Top critical review
Some good points but mostly misunderstands the people it's criticizing
Reviewed in the United States on April 9, 2020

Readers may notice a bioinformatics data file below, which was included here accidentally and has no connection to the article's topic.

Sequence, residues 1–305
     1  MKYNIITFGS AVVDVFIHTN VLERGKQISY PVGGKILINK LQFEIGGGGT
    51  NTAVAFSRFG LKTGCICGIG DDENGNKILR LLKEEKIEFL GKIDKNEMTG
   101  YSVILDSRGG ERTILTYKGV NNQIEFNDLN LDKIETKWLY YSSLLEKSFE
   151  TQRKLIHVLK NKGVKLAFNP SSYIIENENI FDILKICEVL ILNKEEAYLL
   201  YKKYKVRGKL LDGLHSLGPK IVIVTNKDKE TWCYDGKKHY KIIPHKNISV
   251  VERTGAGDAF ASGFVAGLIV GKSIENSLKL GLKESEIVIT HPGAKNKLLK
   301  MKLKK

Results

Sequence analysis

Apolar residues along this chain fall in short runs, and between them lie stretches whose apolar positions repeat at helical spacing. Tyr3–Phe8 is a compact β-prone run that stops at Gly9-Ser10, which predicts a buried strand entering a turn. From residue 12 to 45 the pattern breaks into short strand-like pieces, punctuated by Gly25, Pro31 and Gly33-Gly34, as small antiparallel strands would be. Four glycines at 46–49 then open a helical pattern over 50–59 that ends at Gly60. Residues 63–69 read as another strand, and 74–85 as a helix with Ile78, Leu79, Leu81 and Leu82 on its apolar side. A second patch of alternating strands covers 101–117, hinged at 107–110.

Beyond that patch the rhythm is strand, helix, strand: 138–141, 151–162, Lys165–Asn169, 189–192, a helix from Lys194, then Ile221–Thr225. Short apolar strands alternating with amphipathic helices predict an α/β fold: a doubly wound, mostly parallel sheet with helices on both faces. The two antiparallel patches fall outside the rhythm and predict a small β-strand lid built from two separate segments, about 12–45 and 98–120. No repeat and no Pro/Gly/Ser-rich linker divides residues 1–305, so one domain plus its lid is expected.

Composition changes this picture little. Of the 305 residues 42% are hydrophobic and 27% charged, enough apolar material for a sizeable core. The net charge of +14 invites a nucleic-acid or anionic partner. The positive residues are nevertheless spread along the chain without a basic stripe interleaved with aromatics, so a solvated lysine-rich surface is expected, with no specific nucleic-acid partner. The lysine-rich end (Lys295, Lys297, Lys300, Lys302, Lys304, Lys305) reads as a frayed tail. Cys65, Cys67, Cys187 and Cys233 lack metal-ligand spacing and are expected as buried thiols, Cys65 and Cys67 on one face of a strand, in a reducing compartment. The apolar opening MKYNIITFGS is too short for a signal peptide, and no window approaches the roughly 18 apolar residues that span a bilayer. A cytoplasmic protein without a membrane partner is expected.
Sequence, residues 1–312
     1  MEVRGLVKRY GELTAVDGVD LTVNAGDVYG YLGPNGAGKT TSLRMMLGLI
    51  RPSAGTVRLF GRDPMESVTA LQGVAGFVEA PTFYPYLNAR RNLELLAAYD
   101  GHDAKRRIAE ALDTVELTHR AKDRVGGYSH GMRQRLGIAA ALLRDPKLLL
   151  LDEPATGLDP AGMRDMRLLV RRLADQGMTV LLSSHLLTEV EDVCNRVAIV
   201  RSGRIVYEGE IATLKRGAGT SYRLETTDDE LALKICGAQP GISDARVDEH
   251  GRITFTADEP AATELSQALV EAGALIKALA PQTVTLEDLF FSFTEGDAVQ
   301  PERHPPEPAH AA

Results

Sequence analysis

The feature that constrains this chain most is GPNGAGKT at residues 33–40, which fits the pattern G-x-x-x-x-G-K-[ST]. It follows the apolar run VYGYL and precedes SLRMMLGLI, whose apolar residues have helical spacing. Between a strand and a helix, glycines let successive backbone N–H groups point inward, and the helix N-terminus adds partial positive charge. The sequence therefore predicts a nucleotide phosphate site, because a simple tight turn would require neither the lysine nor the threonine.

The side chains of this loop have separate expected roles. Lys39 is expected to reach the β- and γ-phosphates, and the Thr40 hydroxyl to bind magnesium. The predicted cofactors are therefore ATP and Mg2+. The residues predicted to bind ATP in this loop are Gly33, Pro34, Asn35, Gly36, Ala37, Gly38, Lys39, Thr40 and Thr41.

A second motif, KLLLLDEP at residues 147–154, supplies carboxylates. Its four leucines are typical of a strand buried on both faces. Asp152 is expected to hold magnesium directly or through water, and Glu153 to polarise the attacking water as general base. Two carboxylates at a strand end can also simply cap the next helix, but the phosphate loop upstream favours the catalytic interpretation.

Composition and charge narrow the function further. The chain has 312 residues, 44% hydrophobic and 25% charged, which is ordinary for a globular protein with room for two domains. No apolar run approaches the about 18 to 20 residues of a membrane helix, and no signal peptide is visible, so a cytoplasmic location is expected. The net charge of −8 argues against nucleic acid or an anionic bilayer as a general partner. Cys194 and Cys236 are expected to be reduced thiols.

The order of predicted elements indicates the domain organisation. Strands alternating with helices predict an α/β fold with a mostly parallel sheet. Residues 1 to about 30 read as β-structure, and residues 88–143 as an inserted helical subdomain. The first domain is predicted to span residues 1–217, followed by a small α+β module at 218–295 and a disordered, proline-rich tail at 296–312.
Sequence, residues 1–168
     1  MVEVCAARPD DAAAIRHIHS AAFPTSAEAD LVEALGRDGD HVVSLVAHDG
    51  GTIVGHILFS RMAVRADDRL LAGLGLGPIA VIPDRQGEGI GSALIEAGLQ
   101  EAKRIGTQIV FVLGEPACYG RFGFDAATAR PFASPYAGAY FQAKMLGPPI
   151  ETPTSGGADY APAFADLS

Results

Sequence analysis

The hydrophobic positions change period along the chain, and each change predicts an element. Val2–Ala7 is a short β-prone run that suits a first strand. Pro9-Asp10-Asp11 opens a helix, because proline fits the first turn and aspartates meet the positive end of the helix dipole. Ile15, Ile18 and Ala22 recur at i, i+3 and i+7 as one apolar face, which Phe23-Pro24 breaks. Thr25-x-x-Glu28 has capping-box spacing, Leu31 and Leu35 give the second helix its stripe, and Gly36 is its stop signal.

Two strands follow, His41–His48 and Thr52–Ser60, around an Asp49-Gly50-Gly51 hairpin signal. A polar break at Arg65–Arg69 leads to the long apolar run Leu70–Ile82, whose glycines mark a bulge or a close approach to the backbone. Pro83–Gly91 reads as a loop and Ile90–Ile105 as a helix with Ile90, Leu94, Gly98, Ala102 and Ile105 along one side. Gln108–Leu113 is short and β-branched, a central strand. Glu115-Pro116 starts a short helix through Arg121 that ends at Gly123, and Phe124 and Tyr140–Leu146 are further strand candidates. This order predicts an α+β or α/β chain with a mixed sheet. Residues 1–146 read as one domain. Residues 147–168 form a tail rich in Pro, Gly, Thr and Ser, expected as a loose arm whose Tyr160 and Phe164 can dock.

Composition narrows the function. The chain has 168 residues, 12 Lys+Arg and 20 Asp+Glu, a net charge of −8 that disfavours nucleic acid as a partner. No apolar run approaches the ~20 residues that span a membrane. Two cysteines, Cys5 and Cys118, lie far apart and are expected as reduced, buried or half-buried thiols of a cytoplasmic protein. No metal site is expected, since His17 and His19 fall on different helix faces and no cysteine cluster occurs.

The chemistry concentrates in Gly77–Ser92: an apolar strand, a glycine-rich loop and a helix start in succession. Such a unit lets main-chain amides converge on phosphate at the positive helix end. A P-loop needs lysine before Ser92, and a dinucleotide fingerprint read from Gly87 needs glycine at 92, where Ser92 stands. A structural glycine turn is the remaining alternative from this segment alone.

Somewhat interesting but mostly a muddle of disjointed points. Here's an example that pretty well captures the book. The author talks about her "benevolent" but sexist grandfather, who prefers traditional gender roles. She speaks about telling him off in several ways, including about her own marriage and marital decisions. Then she says he is "patriarchy in action." Well, no, he's not. He's sexist, sure, but he's not implementing patriarchy--she's proud to say that he doesn't control her or anyone else. In fact, she's proud to say that no man controls her. Some patriarchy! There are similar errors constantly throughout the book. Take white, wealthy feminists who are concerned about salary inequality in the corporate manager ranks. Does that have much impact on gun violence in the inner city (which is her Chapter 1)? No. So? That doesn't mean that white, wealthy feminists are necessarily self-centered and ignorant. It just means they are working on a particular issue. Those same feminists may be simultaneously or serially working on many other issues. Or take gun violence, her Chapter 1. White, wealthy feminists are not cheering gun violence in the inner city, and have just about zero to do with it--they aren't the typical gun seller or gangland shooter. Do they not care? Polls suggest they do care, and they vote in a way that they think will help (e.g., they vote for anti-gun Democrats). The whole book seems to be picking a fight that makes no sense. It's fair to point out that many of the priorities of white, wealthy feminists are of little relevance to poor black women in inner cities but that does NOT mean that white, wealthy feminists' efforts are at the EXPENSE of those other women. The world isn't one big pie in which efforts by one group come at the expense of the other. Are white, wealthy feminists sometimes tone deaf? Doubtless, yes. But this author is pretty tone-deaf herself, and she doesn't have many coherent points about how mainstream (read: white) feminism is making her worse off in any way.